Three poems by MA in Writing Student, Tony Gapper.
Stand Tall Camden Plaza
The Camden Plaza
during its latter decades
produced such acquired-taste allure:
Foreign sub-titled films
and occasional general release.
lavish cinematic furnishings,
London’s art-house finest.
With the faded word Plaza embossed on its
Terrazzo-mosaic patterned entrance floor.
It propped up nostalgia for me
like watching Dracula on the big screen
and drawn to repeats of Jungle Book.
A spacious auditorium
seat 340 with ease,
the ice-cream lady
served tubs and pop
under a red torch-glare.
Uncle Peter gave 30 tireless years:
climbed every single working day
up spiral wrought-iron stairs
unlocked an isolated projection-room,
so immensely proud of his lifelong work.
Ran 35 mm reels
the projector’s gentle vibrating hum,
turned a curvy lens-wheel
flickered through ordered metallic tapes
and promotional debuts.
But the Landlord trebled the rent
masterminded a fiendish ploy
to let this listed building
fall into disrepair!
Camden communities tirelessly marched
waving symbolic banners
ranting and raving
to restore Camden Plaza
not just for movie buffs,
but to boost local employment.
To contribute once more to Camden’s legacy of culture.
Yet despite valiant efforts
the final curtain closed on 29th September 1994!
Our two closely-knit families,
all beach-inspired smiles and glimmers
begin our short, gradient-tempered amble.
We cross at the Ostan Gweedore Hotel intersection
with its award-winning Ocean Restaurant.
Our sense of smell heightened by
the servings of spikey lobster and steamed salmon,
fresh meats and poultry sizzling
an intermingling waft of
Western Atlantic drift.
Our anticipated sea-path descent
holiday-attired tee-shirts and shorts,
the plasticy smell of a beachball,
squeaky subtle clatter of buckets and spades.
Adults hump weighted bags of food and drink,
wipes and nappies, fleeces and summer jackets.
Our only toddler girl at the time, Erin, clutching our hands,
our three nephews and niece arm-linking,
skipping merrily along, not a bother.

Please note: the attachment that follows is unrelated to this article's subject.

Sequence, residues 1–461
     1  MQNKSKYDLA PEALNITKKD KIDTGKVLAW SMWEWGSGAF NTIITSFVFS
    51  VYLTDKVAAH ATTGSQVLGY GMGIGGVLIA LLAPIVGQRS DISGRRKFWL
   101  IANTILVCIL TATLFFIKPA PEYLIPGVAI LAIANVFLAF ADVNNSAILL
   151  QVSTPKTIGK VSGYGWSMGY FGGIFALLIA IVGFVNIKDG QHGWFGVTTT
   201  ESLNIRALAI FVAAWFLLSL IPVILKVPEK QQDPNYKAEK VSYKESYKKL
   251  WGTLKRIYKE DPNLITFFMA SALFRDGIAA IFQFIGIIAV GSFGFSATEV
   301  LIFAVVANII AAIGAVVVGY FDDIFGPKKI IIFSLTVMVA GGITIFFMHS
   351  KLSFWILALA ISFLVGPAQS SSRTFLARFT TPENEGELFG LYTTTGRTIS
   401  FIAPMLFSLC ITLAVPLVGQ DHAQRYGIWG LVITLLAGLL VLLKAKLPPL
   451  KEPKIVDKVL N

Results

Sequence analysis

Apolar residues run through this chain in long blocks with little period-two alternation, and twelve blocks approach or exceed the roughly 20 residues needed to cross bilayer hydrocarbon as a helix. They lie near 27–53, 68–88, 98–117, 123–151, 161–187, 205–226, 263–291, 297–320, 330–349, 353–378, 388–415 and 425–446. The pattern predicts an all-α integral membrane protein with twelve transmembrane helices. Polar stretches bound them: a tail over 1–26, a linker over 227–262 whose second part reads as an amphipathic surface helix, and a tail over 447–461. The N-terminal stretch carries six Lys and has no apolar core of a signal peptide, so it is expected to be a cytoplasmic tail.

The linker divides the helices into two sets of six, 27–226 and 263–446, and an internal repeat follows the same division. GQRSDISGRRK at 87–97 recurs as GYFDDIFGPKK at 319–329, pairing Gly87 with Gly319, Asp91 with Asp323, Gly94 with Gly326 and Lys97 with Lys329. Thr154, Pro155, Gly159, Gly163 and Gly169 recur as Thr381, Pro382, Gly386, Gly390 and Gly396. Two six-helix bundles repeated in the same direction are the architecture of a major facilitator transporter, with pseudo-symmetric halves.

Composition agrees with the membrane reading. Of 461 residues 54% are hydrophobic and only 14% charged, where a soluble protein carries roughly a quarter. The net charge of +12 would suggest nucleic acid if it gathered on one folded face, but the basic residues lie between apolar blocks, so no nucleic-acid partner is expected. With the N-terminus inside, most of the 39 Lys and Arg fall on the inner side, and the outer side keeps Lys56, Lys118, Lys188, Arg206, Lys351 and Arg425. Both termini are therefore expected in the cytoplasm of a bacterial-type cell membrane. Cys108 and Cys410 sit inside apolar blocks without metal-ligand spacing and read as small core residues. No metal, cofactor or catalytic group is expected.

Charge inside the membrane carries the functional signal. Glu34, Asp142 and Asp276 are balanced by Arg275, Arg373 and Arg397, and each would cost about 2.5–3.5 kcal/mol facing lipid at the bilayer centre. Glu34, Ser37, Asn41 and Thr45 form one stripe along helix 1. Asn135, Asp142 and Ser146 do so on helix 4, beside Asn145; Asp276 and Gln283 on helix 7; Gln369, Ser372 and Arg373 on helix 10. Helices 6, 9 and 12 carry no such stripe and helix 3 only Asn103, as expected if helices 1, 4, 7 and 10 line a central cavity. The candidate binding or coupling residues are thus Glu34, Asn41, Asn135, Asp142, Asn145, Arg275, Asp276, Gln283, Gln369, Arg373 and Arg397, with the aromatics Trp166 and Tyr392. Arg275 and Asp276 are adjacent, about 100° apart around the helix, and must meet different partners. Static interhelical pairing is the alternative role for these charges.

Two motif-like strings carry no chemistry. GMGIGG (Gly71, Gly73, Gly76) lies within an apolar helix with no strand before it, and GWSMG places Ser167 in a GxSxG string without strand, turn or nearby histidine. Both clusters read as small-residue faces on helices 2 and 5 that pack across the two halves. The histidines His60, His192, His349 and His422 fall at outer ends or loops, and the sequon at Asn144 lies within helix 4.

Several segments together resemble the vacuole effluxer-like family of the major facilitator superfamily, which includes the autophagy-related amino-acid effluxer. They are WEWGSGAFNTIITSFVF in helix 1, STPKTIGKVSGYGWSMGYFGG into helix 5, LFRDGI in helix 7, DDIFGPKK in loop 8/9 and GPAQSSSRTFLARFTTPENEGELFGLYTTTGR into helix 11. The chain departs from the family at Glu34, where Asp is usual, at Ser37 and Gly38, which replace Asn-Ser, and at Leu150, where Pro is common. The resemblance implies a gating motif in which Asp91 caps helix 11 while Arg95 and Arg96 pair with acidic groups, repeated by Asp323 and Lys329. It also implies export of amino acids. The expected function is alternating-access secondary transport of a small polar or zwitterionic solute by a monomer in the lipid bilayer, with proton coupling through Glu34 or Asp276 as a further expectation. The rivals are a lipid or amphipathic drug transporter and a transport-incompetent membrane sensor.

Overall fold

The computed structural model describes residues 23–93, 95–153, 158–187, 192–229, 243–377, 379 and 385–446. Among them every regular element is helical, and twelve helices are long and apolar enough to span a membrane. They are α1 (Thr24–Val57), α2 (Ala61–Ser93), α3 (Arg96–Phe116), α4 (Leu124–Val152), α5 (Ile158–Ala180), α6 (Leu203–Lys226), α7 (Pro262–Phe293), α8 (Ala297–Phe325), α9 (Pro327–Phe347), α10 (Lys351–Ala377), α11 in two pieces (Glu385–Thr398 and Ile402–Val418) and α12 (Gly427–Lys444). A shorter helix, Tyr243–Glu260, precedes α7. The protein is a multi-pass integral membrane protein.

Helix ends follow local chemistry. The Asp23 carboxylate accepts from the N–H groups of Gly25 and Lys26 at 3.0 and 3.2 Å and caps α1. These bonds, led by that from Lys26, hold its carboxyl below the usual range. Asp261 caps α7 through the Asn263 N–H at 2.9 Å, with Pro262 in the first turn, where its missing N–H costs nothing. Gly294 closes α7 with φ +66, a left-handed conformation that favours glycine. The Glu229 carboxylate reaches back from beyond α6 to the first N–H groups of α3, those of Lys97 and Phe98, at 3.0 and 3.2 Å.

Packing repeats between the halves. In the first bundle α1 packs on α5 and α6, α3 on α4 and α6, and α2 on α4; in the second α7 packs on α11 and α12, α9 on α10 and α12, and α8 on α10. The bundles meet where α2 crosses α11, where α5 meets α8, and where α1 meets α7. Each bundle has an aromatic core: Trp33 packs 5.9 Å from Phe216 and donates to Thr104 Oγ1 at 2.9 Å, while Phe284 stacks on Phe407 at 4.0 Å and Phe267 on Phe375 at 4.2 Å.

Wondrous carefree days,
sea-winds lash our hair and bodies,
its flickering salty-spray cooling
against sun-bleached skins.
Inlet, evident now
overlooks bluish-tinge curvature,
floury-textured, blue-flag sands,
reminiscent of this breath-taking landscape.
We select our picnic area devoid of wind-breakers,
spread wide our blankets and belongings
close enough to the oceans, but not too open either.
In between sand-dunes with their prickly dried grass
and the ocean, washing over its worm-riddled saturated sands.
Unflasking the coffee cap,
and reaching for the plastic-white party cups
pouring out coffee and pop drinks,
tiny hamper of sandwiches and crisps,
plonking uneven sandcastles with dull stones,
skinny bright flags and a swamped moat.
Beneath a humidly hot sun
we paddle in wind-lashed bitter swells,
and swim out before lunchtime,
lounging in its clear chilly depths.
Bad Eddie’s Boat:
Shipwrecked, anchorless flotsam
through unforgiving early 1970s storm-surges.
yet our nephews and niece clamber its decks, as children do,
Side-stepping, manning the lifeboats, searching for treasure, captaining the ship.
Sometimes stumbling over wood-chip-pulp, scrapping a sore graze, or swelling a bruise.
Eroded splinterings – such mishappen timber
from the rummages of elemental, sun-scorched corrosion!
Blasts of spidery surf,
a stone’s throw from the water’s edge –
coils of stringy, sea-weed-saddled moss
undulates rugged, sea-churned rockery.
Fat, upturned crab
hazy under shallow glare.
shape of men casts threadbare nets
sea trout slip and slide like eels,
our families swim at a comfortable distance from the shore,
the sodium-sunburnt patches
offsets the soothing-milky suncream lotion,
sitting and kneeling, we relish afternoon snacks and tea.
Seagulls hover, their ghostly screeches
skydive only to synchronise into familiar
wayward aesthetic spirals,
against backdrop of mountain silhouettes
curves away into distant horizons.